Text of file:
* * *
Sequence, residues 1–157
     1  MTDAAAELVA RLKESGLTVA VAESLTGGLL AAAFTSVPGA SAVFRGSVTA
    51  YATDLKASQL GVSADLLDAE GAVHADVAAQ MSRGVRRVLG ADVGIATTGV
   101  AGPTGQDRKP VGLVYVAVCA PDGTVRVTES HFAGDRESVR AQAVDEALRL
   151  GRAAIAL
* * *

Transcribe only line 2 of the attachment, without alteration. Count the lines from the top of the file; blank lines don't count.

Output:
     1  MTDAAAELVA RLKESGLTVA VAESLTGGLL AAAFTSVPGA SAVFRGSVTA